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  • #76
    Originally posted by garyhlucas View Post
    SolidWorks is not competing with Inventor. They won that war years ago. Trying finding a job for Inventor. I .
    And yet Autodesk is still selling lots of it so someone is using Inventor.
    The shortest distance between two points is a circle of infinite diameter.

    Bluewater Model Engineering Society at https://sites.google.com/site/bluewatermes/

    Southwestern Ontario. Canada

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    • #77
      Originally posted by pinstripe View Post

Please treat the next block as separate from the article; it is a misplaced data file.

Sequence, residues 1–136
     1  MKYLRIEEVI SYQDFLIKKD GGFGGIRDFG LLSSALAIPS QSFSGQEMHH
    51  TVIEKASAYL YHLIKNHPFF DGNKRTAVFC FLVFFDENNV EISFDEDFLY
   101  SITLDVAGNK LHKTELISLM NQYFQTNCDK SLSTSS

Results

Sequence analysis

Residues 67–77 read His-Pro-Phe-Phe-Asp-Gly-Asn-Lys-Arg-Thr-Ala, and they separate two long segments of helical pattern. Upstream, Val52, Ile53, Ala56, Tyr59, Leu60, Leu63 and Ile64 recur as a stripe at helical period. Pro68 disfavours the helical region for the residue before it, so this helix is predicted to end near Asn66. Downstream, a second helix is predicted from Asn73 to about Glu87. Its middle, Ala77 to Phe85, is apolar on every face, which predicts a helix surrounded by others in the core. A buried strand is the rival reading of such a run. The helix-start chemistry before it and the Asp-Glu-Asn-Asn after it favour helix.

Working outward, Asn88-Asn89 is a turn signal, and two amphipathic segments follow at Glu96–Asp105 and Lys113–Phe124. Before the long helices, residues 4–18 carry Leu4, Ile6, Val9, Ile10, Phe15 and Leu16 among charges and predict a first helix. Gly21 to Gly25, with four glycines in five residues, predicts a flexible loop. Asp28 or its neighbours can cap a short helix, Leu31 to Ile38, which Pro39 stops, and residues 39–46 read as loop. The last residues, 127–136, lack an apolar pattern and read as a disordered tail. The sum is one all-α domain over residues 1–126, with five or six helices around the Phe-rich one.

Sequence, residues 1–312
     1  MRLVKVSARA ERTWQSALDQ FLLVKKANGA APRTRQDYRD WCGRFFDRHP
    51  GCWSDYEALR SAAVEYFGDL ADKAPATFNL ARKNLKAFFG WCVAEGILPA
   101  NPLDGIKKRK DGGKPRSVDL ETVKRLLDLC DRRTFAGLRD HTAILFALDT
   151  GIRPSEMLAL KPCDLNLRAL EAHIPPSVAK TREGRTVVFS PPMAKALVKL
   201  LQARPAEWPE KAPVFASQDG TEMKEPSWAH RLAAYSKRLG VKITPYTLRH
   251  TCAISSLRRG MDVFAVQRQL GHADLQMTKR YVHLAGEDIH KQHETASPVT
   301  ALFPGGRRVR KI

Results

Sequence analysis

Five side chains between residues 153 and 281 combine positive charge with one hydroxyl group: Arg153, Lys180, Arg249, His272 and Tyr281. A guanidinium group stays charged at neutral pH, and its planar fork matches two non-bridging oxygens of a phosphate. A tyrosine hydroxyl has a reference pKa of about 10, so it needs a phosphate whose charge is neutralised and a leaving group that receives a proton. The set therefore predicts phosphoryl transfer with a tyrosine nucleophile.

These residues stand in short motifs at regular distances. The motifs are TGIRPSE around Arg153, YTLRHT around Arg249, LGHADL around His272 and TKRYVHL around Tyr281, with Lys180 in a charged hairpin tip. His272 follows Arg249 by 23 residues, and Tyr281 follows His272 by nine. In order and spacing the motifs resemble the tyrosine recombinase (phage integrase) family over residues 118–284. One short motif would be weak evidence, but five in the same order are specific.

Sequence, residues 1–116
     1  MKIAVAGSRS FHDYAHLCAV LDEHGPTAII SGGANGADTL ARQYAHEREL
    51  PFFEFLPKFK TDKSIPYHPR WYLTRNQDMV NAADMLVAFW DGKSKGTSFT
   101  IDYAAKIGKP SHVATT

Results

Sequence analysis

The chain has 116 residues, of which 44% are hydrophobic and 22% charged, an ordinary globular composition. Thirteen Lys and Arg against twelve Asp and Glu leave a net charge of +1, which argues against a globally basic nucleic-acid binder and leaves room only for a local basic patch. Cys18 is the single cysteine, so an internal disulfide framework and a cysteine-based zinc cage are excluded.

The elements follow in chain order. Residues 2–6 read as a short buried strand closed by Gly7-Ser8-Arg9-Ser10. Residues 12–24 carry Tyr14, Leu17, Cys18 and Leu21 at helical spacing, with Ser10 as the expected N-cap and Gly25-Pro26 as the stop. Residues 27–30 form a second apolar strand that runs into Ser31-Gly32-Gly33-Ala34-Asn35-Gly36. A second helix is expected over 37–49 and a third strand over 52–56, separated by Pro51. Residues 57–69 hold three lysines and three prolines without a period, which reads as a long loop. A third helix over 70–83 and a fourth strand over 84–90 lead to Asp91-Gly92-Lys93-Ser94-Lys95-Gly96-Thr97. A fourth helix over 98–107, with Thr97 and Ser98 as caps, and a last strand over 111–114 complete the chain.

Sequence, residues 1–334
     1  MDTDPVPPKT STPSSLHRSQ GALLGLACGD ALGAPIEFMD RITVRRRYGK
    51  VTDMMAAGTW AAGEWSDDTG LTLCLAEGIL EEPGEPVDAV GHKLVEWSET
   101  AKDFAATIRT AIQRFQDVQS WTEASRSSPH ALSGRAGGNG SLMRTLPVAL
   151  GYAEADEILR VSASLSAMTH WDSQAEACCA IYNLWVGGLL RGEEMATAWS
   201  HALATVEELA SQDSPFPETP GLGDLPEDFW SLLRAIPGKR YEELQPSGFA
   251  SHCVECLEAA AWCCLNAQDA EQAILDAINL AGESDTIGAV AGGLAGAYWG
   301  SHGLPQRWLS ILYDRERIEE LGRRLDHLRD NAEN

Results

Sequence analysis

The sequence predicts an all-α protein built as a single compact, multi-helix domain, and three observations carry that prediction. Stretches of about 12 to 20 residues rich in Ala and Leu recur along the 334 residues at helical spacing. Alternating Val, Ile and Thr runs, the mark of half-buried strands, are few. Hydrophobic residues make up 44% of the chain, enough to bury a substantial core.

Autodesk could make current versions of F360 impossible to pirate by keeping more code in the cloud. s.
      That is the whole point of the "cloud". Won't help. There will be always be something available for those that can't afford or justify the overpriced CAD package's.
      The shortest distance between two points is a circle of infinite diameter.

      Bluewater Model Engineering Society at https://sites.google.com/site/bluewatermes/

      Southwestern Ontario. Canada

      Comment


      • #78
        Originally posted by loose nut View Post
        And yet Autodesk is still selling lots of it so someone is using Inventor.
        I think some Inventor users are worried that F360 will eventually replace it. It makes much more sense for a company to have one product with different features at their target price points than a handful of different products.


        Originally posted by loose nut View Post